- Post-Traumatic Stress Disorder: Recurrent intrusive recollections of a traumatic experience that cause marked distress or anxiety
Does your condition cause severe functional limitations? The second consideration is whether your condition is severe enough to limit you from working. You can satisfy this guideline in one of two ways.
- Demonstrate that the condition is significantly
limiting your ability to function by meeting two of the following criteria:
- Marked restriction of activities of daily living. These are the activities that people do on a daily basis that allow them to independently live their lives. These activities include grooming and hygiene, using a telephone, cleaning your home, paying bills, and using public transportation. In evaluating your ability to perform activities of daily living, the SSA will also determine the extent to which you can perform them. In other words, the SSA will determine if you can perform these activities independently, appropriately, effectively, and for extended periods of time. Through this evaluation, the SSA will determine the extent to which your condition limits your ability to function on a daily basis.
- Marked difficulties in maintaining social functioning. This describes your ability to interact effectively with other people. To determine this, the SSA will look for any history of altercations, evictions, termination of employment, avoidance of relationships and other signs that your condition prevents you from establishing and maintaining social interactions and relationships necessary for a functional role in both the workplace and society.
- Marked difficulties in maintaining concentration, persistence, or pace. This describes the ability to maintain enough concentration to successfully complete tasks commonly performed in the workplace. Such limitations are usually demonstrated through psychological testing (mental status examination), prior work evaluations, or both.
- Repeated episodes of decompensation, each of extended duration. This describes periods of exacerbation in which your anxiety becomes so severe that you experience the marked functional limitations described above. These periods of decompensation are usually identified in the medical record as times when medications or treatments need to be significantly altered and/or documentation is present expressing the need for a more structured psychological support system (hospitalization, for example). The SSA defines “repeated episodes" of "extended duration" as three periods within one year (or an average of once every four months), each lasting for at least two weeks.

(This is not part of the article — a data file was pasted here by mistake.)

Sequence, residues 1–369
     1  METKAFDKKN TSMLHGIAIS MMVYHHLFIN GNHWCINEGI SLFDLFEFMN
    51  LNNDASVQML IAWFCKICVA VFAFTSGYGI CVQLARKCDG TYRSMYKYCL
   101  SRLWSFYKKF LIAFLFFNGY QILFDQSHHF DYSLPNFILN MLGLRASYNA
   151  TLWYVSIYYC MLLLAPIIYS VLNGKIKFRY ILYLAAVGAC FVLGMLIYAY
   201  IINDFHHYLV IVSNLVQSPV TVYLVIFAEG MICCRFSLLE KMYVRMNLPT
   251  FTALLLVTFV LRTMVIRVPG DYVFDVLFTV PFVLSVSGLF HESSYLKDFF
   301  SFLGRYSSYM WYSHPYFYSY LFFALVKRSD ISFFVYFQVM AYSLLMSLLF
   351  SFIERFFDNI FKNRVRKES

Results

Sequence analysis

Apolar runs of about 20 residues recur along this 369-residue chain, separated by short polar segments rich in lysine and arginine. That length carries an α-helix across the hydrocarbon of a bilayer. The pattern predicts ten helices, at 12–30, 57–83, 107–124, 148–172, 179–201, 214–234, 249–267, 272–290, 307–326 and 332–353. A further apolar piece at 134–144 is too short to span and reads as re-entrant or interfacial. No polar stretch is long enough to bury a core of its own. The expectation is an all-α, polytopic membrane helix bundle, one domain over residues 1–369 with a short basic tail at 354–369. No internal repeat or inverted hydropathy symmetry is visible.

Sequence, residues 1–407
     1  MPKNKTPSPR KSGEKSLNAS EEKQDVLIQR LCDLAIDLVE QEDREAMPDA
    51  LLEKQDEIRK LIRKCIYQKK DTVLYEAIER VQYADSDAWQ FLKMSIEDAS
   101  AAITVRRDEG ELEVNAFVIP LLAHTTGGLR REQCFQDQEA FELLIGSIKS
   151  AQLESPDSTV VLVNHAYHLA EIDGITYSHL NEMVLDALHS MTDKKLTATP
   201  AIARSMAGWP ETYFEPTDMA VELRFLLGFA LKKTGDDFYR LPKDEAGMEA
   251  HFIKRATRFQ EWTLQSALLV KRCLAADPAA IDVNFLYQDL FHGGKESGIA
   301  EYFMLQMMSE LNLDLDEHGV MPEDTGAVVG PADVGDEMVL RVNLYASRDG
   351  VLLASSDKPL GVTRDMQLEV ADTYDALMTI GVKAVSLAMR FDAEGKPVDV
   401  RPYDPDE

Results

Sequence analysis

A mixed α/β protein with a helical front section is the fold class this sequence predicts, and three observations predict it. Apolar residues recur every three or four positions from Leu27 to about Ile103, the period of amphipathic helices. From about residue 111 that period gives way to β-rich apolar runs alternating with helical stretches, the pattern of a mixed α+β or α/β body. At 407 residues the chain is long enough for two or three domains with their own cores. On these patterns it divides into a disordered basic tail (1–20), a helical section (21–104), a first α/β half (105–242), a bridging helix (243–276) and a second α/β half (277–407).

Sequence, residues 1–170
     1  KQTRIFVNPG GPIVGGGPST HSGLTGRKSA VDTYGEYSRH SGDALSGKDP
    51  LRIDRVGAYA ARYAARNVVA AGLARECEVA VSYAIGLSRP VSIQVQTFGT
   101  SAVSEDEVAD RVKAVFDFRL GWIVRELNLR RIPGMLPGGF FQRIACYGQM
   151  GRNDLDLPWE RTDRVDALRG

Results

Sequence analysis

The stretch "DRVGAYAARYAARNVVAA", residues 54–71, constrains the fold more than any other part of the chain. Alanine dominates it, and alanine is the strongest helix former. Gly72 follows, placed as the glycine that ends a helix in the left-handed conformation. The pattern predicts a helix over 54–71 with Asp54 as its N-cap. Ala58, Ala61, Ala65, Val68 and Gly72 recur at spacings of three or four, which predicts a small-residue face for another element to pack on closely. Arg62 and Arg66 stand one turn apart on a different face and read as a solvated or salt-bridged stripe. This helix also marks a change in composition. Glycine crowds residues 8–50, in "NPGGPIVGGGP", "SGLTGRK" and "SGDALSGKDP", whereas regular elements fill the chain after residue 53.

- Demonstrate through medical records that you
have had an anxiety-related condition of at least two years and one of
- Repeated episodes of decompensation (worsening of symptoms) that last for an extended period of time
- Demonstration that your disease is so severe that even a minimal increase in mental demands or change in the environment would be predicted to cause decompensation, or
- Documented history of one or more years of inability to function outside of a highly supportive living arrangement with a continued need for this highly supportive living arrangement.
Even if you do not meet the medical listing for anxiety conditions, you can still obtain SSD or SSI benefits if you can demonstrate that you can't do your prior work and that, given your age, education and work experience, you would be unable to perform any other work with the restrictions and functional limitations caused by your anxiety disorder.